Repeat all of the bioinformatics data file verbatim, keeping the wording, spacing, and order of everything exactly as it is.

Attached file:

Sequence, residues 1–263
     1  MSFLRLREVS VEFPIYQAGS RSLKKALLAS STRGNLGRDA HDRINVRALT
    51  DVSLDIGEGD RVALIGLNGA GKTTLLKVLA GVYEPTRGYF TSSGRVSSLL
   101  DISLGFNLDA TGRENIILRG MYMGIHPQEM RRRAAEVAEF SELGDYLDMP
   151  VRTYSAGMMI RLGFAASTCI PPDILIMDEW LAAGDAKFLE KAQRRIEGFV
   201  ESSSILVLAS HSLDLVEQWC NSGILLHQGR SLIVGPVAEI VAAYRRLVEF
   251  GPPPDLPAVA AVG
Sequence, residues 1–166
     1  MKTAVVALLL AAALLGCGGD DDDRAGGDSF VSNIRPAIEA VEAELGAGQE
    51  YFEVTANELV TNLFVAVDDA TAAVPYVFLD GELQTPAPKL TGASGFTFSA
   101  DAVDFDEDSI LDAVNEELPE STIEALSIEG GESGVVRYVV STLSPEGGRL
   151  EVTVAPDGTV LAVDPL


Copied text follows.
Sequence, residues 1–263
     1  MSFLRLREVS VEFPIYQAGS RSLKKALLAS STRGNLGRDA HDRINVRALT
    51  DVSLDIGEGD RVALIGLNGA GKTTLLKVLA GVYEPTRGYF TSSGRVSSLL
   101  DISLGFNLDA TGRENIILRG MYMGIHPQEM RRRAAEVAEF SELGDYLDMP
   151  VRTYSAGMMI RLGFAASTCI PPDILIMDEW LAAGDAKFLE KAQRRIEGFV
   201  ESSSILVLAS HSLDLVEQWC NSGILLHQGR SLIVGPVAEI VAAYRRLVEF
   251  GPPPDLPAVA AVG
Sequence, residues 1–166
     1  MKTAVVALLL AAALLGCGGD DDDRAGGDSF VSNIRPAIEA VEAELGAGQE
    51  YFEVTANELV TNLFVAVDDA TAAVPYVFLD GELQTPAPKL TGASGFTFSA
   101  DAVDFDEDSI LDAVNEELPE STIEALSIEG GESGVVRYVV STLSPEGGRL
   151  EVTVAPDGTV LAVDPL